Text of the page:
Shops close in Pattani and Narathiwar as vendors come under threat
September 28, 2012 00:00 By
Many shops in Pattani and Narathiwat closed on Friday following threats of violence if they chose to operate their business on Friday.
Leaflets were reportedly been distributed in the provinces, citing Muslim teachings not to do business on the day. Local residents were threatened with violence if they did not abide by the warning.
Nimu Makajeh, an Islam expert, said there was no prohibition as such, adding that the Islamic religion teaches that everyday is a good day for working. “That warning is wrong. There is no such prohibition in our teachings,” he said.
Vendors and shopowners in Pattani’s downtown Thepwiwat fresh market, however, said they would close their shops to prevent losses from possible violence.
An uneasy fear hovers over many in this province of the deep south, especially following last Friday’s car bomb explosion in Saiburi district, 50 km from Pattani town, which killed six police officers and injuring scores of police, government workers and local residents.
Dispoon Changcharoen, owner of Chong Ah Restaurant, said business is usually good on Friday, the day when customers like to relax and dine out, but that he would prefer to stay safe and would thus be closing his doors this week. He added that in any case, it would be difficult to find fresh food for his kitchen.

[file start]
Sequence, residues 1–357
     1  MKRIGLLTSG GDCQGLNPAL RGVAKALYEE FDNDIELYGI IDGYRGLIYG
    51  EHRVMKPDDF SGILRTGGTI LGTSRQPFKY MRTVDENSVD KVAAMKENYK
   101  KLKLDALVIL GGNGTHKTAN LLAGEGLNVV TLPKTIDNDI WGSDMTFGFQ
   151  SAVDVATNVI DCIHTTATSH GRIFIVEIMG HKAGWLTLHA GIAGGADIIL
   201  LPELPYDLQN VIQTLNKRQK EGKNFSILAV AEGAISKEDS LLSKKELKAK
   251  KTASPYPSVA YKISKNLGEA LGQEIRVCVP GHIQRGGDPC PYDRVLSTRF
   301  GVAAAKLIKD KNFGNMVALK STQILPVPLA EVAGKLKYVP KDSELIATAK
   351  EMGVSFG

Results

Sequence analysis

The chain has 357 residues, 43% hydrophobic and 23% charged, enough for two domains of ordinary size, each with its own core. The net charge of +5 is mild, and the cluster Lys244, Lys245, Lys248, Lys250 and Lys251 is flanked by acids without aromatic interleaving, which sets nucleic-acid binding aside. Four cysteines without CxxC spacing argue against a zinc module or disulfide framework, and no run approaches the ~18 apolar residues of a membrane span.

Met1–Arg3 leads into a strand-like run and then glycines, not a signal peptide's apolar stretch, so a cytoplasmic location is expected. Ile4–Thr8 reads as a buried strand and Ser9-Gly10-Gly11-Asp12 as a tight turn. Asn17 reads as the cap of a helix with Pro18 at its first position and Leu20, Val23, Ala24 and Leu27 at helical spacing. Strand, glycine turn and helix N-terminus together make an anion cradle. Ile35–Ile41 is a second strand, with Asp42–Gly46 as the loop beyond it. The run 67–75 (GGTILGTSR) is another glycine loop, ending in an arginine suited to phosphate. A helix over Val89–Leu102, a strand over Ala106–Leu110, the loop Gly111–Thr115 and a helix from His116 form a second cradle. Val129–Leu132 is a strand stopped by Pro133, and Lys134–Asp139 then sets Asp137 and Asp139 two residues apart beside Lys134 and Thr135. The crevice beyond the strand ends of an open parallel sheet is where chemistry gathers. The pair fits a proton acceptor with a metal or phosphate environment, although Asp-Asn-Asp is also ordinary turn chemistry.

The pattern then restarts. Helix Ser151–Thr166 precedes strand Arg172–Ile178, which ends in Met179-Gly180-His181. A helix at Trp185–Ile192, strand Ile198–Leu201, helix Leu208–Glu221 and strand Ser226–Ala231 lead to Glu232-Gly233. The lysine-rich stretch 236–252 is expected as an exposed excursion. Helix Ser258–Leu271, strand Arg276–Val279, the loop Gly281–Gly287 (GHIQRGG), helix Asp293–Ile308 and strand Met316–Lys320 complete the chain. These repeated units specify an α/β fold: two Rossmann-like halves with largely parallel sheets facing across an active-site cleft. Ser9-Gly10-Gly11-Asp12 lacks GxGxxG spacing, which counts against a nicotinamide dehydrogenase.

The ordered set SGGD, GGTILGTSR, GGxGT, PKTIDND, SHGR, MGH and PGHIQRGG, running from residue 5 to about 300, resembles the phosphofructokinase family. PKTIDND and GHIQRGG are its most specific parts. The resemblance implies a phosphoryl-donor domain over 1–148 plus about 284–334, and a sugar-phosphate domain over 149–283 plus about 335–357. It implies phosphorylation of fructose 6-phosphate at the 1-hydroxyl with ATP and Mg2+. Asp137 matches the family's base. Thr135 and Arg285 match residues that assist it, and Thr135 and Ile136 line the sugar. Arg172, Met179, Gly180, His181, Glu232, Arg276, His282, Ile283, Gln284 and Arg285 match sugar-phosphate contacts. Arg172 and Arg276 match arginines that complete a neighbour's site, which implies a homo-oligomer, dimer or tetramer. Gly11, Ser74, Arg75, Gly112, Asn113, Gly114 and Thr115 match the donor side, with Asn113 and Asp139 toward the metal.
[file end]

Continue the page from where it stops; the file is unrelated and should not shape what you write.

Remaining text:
He called on the authorities to come up with measures to boost the people’s diminishing morale.
Muhammad Kasaha, manager of the Pattani branch of Saha Farms, said rumours of violence on Friday have badly affected the Friday sales volume of his products, mainly fresh chicken.
He said the Pattani business community has been living in fear as a result of the rumours, which have flared over the past two weeks.
The sales promotion, normally held by Saha Farms on Fridays, was moved to Thursday this week, he said.
Meanwhile in Narathiwat, Chamnun Muendam, the district chief of Sungai Kolok, surveyed the situation at a fresh market behind the Kenting Hotel.
He said Thai Muslims in the province usually closed their shops on a Friday, as they would go to pray at the mosque at noon. However, after the survey, he admitted that some of the shops were closed today because the owners worried about their safety.
He called on vendors not to believe the leaflets and the rumours, insisting Islamic teachings do not prevent Muslims from working on Fridays.
“The vendors can do business on any Friday. We have security officials in uniform and undercover deployed in the market to provide safety for them,” he said.